** – Two Stars (Out of Five)
Vibe: Industrial funk
Don’t Miss: Rabbit Cavatelli & Lobster Spacatelli
Don’t Bother: Striped Bass Tagine
Finish With: Wild Local Strawberries
Final Word: There are some definite hits & misses at this UWS newcomer, but if you stick with pasta & dessert, you’ll have a very good meal here.
Tessa had the unfortunate luck of opening with scaffolding over the entrance. I hate that for them. I mean, how do you have a fighting chance if no one even knows you’re there? That’s what I was thinking, anyway, as I headed toward the door on a recent summer night. Guess I was wrong (this time) because Tessa and its whopping, 75-seat dining room was packed, not a seat left in the house, except at the bar. So that’s where my husband and I ended up eating on a recent Tuesday night. Personally, I’m the table type (except when it comes to sushi), but I like the bar here a lot. It’s a long, sleek wood bar with plenty of seats to camp out at for the night, and have a cocktail & a bite. There are a few, high top communal tables just across from the bar with an exposed brick wall backdrop, uber dim lighting, and shiny wood floors.
But Tessa doesn’t look anything like your average Upper West Side eatery. The decor is what I’d call funky industrial with the clever recycling of iron security gates everywhere you look. They’re covering the ceiling, the base of the bar, and even used as wall accents. You can contemplate the owner’s gate fetish over a cocktail or a glass of wine. There’s a fine selection, nothing to swoon over, but admirable nonetheless. You will swoon over the plush sourdough bread they serve (compliments of the house) with a side of not butter or olive oil, but both together — a patty floating in olive oil, which works well. Though I wasn’t a fan of the Trio of Dips, served with Flatbread; a sad excuse for Hummus, a forgettable Ricotta, and a solid Smoked Eggplant, but it’s just not worth the 9 dollar ticket.
The menu here is broad, Mediterranean with a toe in many waters. Perhaps too many waters, which is why dinner here can be maddening because for each great dish to be had, there is a not great one. But it’s hard to find fault in Tessa’s Pasta Section, which is surprising, considering the chef, Cedric Tovar, isn’t exactly known for pasta. He’s an Alsatian-born chef who’s put in time at Daniel, Town, Peacock Alley and Bobo before heading to the Upper West Side with this venture.
Pastas are definitely where it’s at with this menu. Especially the Rabbit Cavatelli tossed with a to-die-for Pancetta-flecked Rabbit Ragu, Smoked Onion and Lovage Coulis – a brilliant combination that others should consider imitating — the kind of dish that would be equally comforting on a rainy summer night and a frigid winter one. I was just as taken with the Lobster Spaccatelli – perfectly al dente ribbons of homemade pasta tangled around Lobster & Chanterelles in an aromatic Tarragon Emulsion.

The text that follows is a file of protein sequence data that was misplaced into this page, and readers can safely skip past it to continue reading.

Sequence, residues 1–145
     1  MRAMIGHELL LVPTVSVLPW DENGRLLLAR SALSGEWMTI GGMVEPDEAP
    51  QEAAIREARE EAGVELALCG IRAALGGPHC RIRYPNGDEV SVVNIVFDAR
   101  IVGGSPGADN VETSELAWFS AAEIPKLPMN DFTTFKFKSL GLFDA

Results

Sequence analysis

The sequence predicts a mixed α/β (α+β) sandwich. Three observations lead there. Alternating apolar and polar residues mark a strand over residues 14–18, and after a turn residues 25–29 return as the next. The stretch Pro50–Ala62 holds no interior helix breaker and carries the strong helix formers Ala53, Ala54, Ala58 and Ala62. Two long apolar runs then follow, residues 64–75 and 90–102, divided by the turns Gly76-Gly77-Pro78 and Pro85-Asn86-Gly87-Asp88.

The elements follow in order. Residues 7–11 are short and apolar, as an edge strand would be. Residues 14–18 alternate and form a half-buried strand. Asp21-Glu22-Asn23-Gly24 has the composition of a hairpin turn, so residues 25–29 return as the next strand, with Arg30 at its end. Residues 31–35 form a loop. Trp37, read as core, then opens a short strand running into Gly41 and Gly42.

But let’s back up a minute: First things first, we started with a cold and vinegary Cauliflower Salad with Marcona Almonds, Pine Nuts, Pickled Red Onions, & Yellow Raisins with a vibrant melange of Purple, White and Green Cauliflower, all bathed in a zippy Coriander Vinaigrette – a fun and summery salad. It’s just too bad I hated the Steamed Striped Bass “Tajine” though the quotes around tajine should’ve been a warning sign. It was neither a tagine, nor was the fish actually cooked through, partly raw and flavored with way too much fennel to taste anything but. But the Strip Steak Frites was tasty, anointed with a Barolo Green Peppercorn Sauce, braised shallots and Grilled Romaine. Although, the fries that came with it were forgettable. And skip the Razor Clam Escabeche altogether. (It’s too vinegary.)
Dessert, however, is not forgettable. Tessa’s Wild Local Strawberries is a blissful composition of sweet, ripe strawberries, a Pink Peppercorn Bavarois (gelatin & whipped cream), a pedestal of Citrus Shortbread, and Lemon Basil Sorbet – a perfectly summery, crunchy and sweet ending. Then came a refreshing trio of Yellow Watermelon, Apricot Riesling, and Cucumber Sorbet, which all tasted like the produce itself. The pastry chef is Karys Logue, who started at the CIA, went on to Daniel, Sepia, Cafe Boulud, and now Tessa. Who knows where we’ll find her in five years, but I’d wager she’ll have a James Beard nomination by then.
Tessa’s a tricky one, because there’s a miss for every hit, but if you stick with the pasta and dessert section, you’re bound to have a very good meal here. Besides, the Rabbit Cavatelli and the Wild Local Strawberries are worth the trip alone.